As you walk into the high rise office in central Tel Aviv overlooking Ayalon Highway, which cuts through this bustling Mediterranean metropolis, you feel the electricity in the air, a place that vibrates with energy.

Yossi Wolf, CEO and founder, bids farewell with a warm smile to a team of executives from a major Asian smartphone maker on an advanced exploration visit.

“Temi is the first robot that truly interacts with humans while providing flawless autonomous navigation, dynamic video and audio experiences, and advanced AI,” proclaims the company.

Despite courtship by Chinese investors from the private and state-owned sectors for several years, the hype so far has yielded little substance: According to IVC Research Center reports, Chinese companies accounted for as little as 1.1% and no more than 8% of all Israeli tech exits between 2015 and 2017.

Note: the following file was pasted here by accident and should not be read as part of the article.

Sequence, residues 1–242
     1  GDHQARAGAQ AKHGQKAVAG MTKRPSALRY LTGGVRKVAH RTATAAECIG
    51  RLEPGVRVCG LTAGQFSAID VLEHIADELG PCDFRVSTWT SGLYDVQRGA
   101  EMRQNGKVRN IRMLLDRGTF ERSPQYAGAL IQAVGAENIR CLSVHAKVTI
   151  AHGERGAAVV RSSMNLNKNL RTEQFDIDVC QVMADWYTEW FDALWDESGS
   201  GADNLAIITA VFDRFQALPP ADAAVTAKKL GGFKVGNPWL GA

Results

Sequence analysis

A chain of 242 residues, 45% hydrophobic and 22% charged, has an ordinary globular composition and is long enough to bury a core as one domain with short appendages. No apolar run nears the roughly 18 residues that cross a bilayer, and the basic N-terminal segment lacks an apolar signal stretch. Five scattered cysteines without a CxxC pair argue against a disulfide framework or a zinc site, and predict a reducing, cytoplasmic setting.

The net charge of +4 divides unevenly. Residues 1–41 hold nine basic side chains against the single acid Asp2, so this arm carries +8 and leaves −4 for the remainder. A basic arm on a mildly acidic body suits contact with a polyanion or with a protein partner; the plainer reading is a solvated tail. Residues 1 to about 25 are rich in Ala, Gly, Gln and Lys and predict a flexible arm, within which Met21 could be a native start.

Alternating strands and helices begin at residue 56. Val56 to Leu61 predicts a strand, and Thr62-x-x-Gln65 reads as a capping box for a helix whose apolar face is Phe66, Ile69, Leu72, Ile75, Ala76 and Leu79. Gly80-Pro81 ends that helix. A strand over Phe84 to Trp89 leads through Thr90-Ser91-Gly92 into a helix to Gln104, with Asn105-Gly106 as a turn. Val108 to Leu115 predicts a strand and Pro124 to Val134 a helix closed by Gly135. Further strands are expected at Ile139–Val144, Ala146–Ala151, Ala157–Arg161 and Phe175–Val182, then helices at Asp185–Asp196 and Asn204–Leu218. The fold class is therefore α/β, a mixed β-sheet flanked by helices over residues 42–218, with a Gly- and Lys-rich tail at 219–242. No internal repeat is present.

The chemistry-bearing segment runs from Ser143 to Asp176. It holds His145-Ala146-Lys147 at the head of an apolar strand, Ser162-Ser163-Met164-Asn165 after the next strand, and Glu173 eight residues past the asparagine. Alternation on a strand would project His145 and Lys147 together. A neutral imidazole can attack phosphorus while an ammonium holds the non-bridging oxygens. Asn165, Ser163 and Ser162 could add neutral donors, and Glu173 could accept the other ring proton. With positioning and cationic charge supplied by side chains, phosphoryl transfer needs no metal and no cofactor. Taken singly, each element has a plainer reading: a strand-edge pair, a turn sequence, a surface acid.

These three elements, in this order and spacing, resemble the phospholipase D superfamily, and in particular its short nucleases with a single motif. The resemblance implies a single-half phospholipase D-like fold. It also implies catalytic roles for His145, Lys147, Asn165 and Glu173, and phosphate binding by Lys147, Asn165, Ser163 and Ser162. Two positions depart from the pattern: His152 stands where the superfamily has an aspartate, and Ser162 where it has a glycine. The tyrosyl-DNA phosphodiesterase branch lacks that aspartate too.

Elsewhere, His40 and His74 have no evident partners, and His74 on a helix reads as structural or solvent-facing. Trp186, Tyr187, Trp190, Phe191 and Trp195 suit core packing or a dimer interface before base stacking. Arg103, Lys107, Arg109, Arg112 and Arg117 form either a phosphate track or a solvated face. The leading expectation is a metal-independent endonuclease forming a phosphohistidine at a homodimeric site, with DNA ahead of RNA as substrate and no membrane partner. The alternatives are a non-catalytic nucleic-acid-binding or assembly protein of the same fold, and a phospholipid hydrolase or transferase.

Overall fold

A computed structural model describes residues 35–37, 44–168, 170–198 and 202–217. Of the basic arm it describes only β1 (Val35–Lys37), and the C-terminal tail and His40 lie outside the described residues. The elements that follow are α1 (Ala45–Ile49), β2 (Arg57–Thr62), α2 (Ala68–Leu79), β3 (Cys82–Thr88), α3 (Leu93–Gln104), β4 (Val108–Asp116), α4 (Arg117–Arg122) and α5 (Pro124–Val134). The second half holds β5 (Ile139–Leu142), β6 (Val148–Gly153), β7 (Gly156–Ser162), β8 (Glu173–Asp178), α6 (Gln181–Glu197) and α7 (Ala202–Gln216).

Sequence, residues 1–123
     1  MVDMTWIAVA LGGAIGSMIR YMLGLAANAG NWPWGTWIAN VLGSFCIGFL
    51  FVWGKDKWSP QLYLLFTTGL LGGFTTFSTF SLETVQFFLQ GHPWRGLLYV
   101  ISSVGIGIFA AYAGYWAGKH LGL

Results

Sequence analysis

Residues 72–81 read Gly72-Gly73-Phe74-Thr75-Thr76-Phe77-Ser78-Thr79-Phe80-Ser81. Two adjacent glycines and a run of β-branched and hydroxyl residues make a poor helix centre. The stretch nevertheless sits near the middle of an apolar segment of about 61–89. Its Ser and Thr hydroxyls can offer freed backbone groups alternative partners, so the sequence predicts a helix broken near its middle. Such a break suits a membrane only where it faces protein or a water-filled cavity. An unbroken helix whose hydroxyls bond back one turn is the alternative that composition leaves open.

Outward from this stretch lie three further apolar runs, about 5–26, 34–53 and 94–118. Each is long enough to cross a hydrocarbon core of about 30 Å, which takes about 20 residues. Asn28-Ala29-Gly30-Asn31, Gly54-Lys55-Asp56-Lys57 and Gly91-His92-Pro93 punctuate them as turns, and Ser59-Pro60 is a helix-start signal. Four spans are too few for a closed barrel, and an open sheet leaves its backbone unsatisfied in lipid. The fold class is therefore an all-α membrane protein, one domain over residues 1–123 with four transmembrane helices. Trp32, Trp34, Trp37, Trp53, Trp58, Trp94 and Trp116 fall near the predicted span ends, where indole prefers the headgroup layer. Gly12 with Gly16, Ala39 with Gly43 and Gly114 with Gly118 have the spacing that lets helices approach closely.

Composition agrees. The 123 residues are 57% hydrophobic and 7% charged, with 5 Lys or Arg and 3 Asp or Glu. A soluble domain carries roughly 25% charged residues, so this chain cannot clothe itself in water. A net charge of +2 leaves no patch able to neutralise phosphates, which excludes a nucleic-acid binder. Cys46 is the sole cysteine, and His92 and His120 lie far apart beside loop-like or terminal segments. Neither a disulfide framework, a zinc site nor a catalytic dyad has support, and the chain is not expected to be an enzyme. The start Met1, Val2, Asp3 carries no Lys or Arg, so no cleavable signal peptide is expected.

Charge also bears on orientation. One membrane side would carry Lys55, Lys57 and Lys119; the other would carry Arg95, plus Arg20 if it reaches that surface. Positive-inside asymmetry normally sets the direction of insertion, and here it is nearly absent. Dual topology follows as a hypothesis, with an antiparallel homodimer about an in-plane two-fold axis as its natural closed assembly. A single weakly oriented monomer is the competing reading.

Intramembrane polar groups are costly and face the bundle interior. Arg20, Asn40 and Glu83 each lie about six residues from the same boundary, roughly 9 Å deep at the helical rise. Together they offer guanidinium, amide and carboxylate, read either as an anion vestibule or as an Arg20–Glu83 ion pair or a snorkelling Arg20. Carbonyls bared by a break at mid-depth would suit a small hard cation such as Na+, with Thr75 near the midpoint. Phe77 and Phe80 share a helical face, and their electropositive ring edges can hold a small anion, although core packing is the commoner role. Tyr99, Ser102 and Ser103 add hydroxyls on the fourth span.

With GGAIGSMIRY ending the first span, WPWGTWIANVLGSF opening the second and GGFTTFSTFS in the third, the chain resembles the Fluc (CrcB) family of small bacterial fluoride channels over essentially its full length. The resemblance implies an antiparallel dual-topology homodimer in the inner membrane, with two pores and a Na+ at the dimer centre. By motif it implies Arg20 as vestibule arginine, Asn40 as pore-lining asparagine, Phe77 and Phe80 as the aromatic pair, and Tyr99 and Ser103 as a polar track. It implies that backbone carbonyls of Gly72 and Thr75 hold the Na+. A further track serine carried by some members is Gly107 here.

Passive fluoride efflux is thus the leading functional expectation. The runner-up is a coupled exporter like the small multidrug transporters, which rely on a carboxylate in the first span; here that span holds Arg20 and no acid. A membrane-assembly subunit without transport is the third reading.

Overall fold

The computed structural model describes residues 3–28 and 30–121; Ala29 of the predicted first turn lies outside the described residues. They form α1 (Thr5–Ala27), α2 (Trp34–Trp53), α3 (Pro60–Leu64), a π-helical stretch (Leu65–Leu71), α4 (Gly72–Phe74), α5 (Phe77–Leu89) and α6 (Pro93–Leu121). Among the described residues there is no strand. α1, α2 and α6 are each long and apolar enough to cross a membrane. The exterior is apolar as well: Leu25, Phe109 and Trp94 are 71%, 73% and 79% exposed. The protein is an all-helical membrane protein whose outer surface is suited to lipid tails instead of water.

In the early days of 2012 to 2013, Israeli entrepreneurs and venture capitalists were ecstatic at the prospect of a potential new source of investment, and a new market in China to rival the US.

But soon many of the hopes were dashed; by this year the sight of the endless flow of Chinese delegations into Tel Aviv’s Ben-Gurion International Airport has become a fixture in Israel, yet it is eyed with skepticism by members of the local tech community.

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